Democratic Congressman David Price fired back at a Department of Homeland Security decision Monday ending legal protection for roughly 200,000 immigrants from El Salvador living in the United States.
The move to end Temporary Protected Status affects people who have lived here for more than 15 years. It comes with an 18-month delay, giving the immigrants until Sept. 9, 2019, to find another way to stay in the country or to prepare to leave.
“This heartless decision would tear apart nearly 200,000 El Salvadoran families, sending them back to communities experiencing deep unrest and suffering,” Price, who represents the 4th District in Orange, Durham and Wake counties, said on Twitter.
“I urge the Trump administration to extend TPS for Salvadoran families seeking refuge in the U.S.,” he said.
Durham-based El Centro Hispano said in a release Monday that 5,900 Salvadorans are TPS recipients in North Carolina. Their families include roughly 6,200 U.S.-born children, the nonprofit group said.
Salvadorans compose the third-largest group of Hispanics in North Carolina. UNC’s Carolina Population Center reported their numbers in 2016 at about 6 percent – roughly 56,000, of the 932,221 Hispanics in North Carolina.
That’s compared with 4 percent of the 57.5 million Hispanics who live across the United States identifying as Salvadoran.
El Salvador would be the fourth country removed from TPS by President Donald Trump’s administration. TPS protects immigrants fleeing their home countries because of war, natural disaster or an epidemic from deportation, while allowing them to legally work in the United States.
TPS covers nearly 320,000 people from 10 countries, although that is ending already for Haitians, Nicaraguans and Sudanese. The remaining TPS countries include South Sudan, Nepal, Somalia, Syria and Yemen. A decision affecting TPS status for Hondurans has been delayed.
The affected Salvadoran immigrants came to the United States in 2001, following a series of earthquakes that killed over 1,100 people and displaced 1.3 million.
El Salvador has since recovered and Homeland Security officials report more than 39,000 Salvadorans have returned home in the last two years, but TPS supporters interviewed by CNN said returning immigrants would find increased drug trafficking, gang violence and economic problems.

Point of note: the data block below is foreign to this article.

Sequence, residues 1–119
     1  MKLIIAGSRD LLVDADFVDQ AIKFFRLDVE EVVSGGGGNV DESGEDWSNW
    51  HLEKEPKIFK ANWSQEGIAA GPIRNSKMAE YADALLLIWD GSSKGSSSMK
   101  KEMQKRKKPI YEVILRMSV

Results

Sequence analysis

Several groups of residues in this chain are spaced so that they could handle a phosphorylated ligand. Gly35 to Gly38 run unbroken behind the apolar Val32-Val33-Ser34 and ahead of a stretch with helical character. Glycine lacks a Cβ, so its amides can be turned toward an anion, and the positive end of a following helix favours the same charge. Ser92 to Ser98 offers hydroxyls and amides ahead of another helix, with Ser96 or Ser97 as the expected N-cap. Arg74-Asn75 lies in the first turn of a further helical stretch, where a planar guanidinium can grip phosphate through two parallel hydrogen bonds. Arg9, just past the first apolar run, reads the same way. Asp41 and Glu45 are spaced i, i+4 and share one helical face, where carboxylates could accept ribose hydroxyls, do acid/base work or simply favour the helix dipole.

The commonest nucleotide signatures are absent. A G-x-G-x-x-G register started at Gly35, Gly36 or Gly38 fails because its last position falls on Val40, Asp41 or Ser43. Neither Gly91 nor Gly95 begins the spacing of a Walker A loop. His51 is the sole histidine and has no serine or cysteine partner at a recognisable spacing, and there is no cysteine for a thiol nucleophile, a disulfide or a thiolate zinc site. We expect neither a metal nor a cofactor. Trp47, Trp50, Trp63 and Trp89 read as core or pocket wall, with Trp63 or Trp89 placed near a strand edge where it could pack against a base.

El Salvador has the world’s highest homicide rate, according to the U.S. Committee for Refugees and Immigrants.
The National Association of Latino Elected and Appointed Officials Educational Fund also responded to the decision, noting that over 193,000 U.S.-born children have at least one Salvadoran parent protected under TPS.
The nonprofit group, which works for Latinos’ full participation in American politics, also pointed out that nearly one-third of TPS recipients have mortgages and 88 percent work in key industries that include construction and home care.
“Disrupting our economy and tearing children away from their mothers and fathers is not only wrong, it is un-American,” said Arturo Vargas, NALEO Educational Fund executive director.
Both NALEO Educational Fund and USCRI officials urged Congress to take immediate action “to protect TPS holders, maintain families and provide meaningful legal alternatives for those fleeing violence in El Salvador.”
Congress could intervene, Republican Arizona Sen. Jeff Flake told CNN. Flake said a TPS resolution is possible if it ends the Diversity Immigrant Visa lottery that offers U.S. visas to citizens from countries with low immigration rates. The Trump administration also has had that program in its crosshairs.
Price noted that applicants to the diversity visa lottery meet extensive eligibility criteria prior to entering the United States, including comprehensive law enforcement and counter-terrorism vetting.
“The suggestion that we should hold hundreds of thousands of families’ futures hostage to eliminate a longstanding immigration program that Republicans don’t like is callous and unfounded,” Price said.
“We should dispense with the pretense,” he added. “The decision to revoke temporary protected status (TPS) for El Salvadorans was driven entirely by the Trump administration’s mass deportation agenda and represents a betrayal of our nation’s commitment to basic human rights as well as years of bipartisan policy consensus.”